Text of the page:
Check out the chest-punching impact of APH-2 in action with a Les Paul replica in this video:

Seymour Duncan Alnico II Pro Slash APH-2 Pickups

Verdict: Seymour Duncan’s Pro Slash APH-2 is a staple in the wish list of rock, blues, and modern metal guitarists. Their classic tone is dipped in sweet sustain and sprinkled with crunchy mids – a famous and familiar tone. If you need a top-shelf pair that delivers high-quality tones, this signature set promises that for a very reasonable price.

What to look for when buying Les Paul pickups?

Over the years, Gibson has made several changes to components and electronics in Les Paul guitars. The pickups used in LPs fall into two categories – 

  • P-90s 
  • Humbuckers

P-90s are, at heart, single-coil pickups that look similar to humbuckers. They have one pole piece with fewer coil wraps. They were first introduced by Gibson in 1946 as an alternative to the Fender single coils but they really came into their own during the punk rock era.

Modern P90 pickups have a coiled wire around a plastic pole (bobbin), 2 Alnico bar magnets, and they use wire coiled around plastic bobbins with Alnico magnets.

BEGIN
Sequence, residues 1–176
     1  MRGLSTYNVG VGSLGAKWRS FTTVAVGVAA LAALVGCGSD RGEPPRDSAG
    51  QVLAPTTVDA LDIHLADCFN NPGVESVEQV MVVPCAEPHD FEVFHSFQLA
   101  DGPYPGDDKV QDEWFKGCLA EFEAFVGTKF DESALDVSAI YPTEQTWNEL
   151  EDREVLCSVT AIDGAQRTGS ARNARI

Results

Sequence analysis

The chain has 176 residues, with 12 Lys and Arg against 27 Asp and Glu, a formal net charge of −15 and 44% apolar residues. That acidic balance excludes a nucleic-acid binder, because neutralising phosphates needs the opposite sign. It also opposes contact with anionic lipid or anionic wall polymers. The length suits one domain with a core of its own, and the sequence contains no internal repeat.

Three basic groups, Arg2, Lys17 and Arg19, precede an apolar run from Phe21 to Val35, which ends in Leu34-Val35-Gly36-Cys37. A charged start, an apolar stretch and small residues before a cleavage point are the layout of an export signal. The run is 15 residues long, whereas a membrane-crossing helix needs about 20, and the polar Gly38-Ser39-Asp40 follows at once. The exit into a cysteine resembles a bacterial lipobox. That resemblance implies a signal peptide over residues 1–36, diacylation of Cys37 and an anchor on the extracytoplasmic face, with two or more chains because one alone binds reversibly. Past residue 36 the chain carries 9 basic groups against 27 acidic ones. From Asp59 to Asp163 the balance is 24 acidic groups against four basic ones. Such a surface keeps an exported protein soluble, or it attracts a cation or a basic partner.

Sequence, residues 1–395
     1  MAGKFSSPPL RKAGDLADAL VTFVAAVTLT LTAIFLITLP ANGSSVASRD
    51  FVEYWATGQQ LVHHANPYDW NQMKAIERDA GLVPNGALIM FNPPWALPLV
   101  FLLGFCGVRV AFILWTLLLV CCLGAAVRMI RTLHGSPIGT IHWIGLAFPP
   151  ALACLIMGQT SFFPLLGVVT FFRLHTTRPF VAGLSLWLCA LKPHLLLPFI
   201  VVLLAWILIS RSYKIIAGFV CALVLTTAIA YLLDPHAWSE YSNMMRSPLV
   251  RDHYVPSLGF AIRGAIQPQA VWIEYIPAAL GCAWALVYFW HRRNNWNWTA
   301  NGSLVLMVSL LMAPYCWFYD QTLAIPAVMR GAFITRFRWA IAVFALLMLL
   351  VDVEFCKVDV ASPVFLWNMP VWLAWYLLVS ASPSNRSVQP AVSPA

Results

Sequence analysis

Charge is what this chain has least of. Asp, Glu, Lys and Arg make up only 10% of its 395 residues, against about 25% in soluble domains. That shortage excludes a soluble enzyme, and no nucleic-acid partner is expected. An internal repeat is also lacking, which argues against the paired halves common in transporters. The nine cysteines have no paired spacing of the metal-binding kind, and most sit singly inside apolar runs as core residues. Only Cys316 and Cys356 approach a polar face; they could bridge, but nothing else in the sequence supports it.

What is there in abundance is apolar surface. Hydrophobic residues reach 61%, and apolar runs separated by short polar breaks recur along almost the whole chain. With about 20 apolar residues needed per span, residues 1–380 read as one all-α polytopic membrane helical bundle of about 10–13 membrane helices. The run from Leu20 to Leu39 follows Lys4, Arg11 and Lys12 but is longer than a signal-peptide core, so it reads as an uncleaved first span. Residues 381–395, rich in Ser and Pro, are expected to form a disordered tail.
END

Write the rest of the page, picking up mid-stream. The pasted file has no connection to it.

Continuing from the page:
Generally, they are not interchangeable with humbuckers. The route for a P90 is narrower and wider. However, manufacturers have started making interchangeable P90s and humbucker pickups.

Tone-wise, P90s are known for their dirty and gritty tones. They yield a bright, thin, and crispy sound that is close to a Fender single-coil (but not the same). They are raspy and have more warmth in the lows compared to single-coils.

P90s are often described as the middle ground between a humbucker and a Fender single-coil – the best of both worlds. However, they are not ‘hum canceling’ and will produce noise if you crank up the gain.  Their spark, transparency, and definition make them suitable for funk, blues, jazz, rock, and country genres.  

Humbuckers are electric guitar pickups that use two coils with reversed polarity to cancel electromagnetic interference. This interference usually refers to ‘mains hum’ and the pickups ‘buck the hum’ – thus the name.  They were introduced by Gibson in 1955.

Humbuckers are coveted by jazz, rock, and metal players for their “thick” sound. This sound – a fat, round, and smooth tone – results from their focus on the midrange frequencies. They are built to handle gain and distortion much better than any other type of pickup.